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ANTI CANDIDALACTIVITY OF PLANT EXTRACTS AGAINST BOVINE MASTITIS ISOLATES

Amsaveni, S, S. Ramesh and P. Hariharan

Department of Veterinary Pharmacology and Toxicology Madras Veterinary College Chennai - 600 007

Mastitis is one of the major cause of economic loss to dairy industry. The association of fungi alone or along with bacteria makes milk not suitable for human consumption resulting in huge economic loss to the dairy industry. The continuous and indiscriminate use of antibiotics should be avoided in the treatment of mixed infections of yeast along with bacteria. (Blood and Radostitis,1989). Despite the existence of potent antifungal agents, no drug formulations are available in the market for fungal mastitis treatment. The traditional medicinal plants represent a reservoir of pharmacologically active substances or drugs (Rukayadi et al.,2008). This study was aimed at preliminary screening of plant extracts against Candida spp isolated from cases of bovine mastitis. Selected plant extracts were screened for anti-Candidal activity against six bovine mastitis Candida isolates.

MATERIALSAND METHODS

Aqueous extracts of Terminalia chebula, Tinospora cordifolia obtained from Natural Remedies, Bangalore and alcoholic extract of Vitis vinifera seeds from Sabi labs Ltd, Bangalore, were used in this study. Aqueous extract of Tamarindus indica leaves was prepared following standard extraction procedure and utilized for screening against mastitis isolates. The fungal strains tested include six species of Candida isolated from Bovine mastitis in the Department of Veterinary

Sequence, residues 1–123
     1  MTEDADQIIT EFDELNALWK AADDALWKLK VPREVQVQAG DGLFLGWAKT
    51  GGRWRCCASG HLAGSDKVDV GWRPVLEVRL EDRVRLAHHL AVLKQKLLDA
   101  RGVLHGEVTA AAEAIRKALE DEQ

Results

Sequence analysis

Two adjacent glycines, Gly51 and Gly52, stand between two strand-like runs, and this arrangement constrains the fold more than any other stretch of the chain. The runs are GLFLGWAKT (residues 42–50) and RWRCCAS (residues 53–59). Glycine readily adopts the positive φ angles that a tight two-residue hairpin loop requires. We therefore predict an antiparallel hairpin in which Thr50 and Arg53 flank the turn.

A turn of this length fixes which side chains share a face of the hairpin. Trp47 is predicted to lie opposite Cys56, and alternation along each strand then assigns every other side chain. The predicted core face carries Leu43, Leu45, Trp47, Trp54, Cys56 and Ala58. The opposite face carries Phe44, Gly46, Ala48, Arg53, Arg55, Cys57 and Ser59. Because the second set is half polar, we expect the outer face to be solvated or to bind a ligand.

Pharmacology and Toxicology, Madras Veterinary College, Chennai. The fungal strains were grown in Sabouraud dextrose agar and stock cultures were maintained in-20ºC in soybean casein digest broth containing 15% glycerol. Basic biochemical test was done to identify the organisms. Two species each of Candida glabrata, Candida lipolytica and two identified only up to the species level were used in this study.

AntiCandidal assay

Antifungal susceptibility test was performed following the procedures described by Fontenelle et al., (2007) and Parekh and Chanda (2008). Fungal seeded plates with 100µl of 1 x 108 CFU/ml were allowed to solidify by keeping in room temperature for 20mins and then transferred to refrigerator. Wells of 5mm diameter were cut and the different extract concentrations of 150, 300, 500 mg/ml dissolved in 5% DMSO was incorporated into the wells, incubated at 37ºC for 24-48 hrs and zones of inhibition was measured in millimeters using digital calipers. Each test was performed in duplicate. 5% DMSO solution and Amphotericin B (10?g/ml) were used as negative and drug control respectively. Plant extracts showing positive results by agar well diffusion assay was further subjected to minimum inhibitory concentration. MIC was assessed by microbroth dilution assay using Resazurin indicator (Sarkar et al. 2007).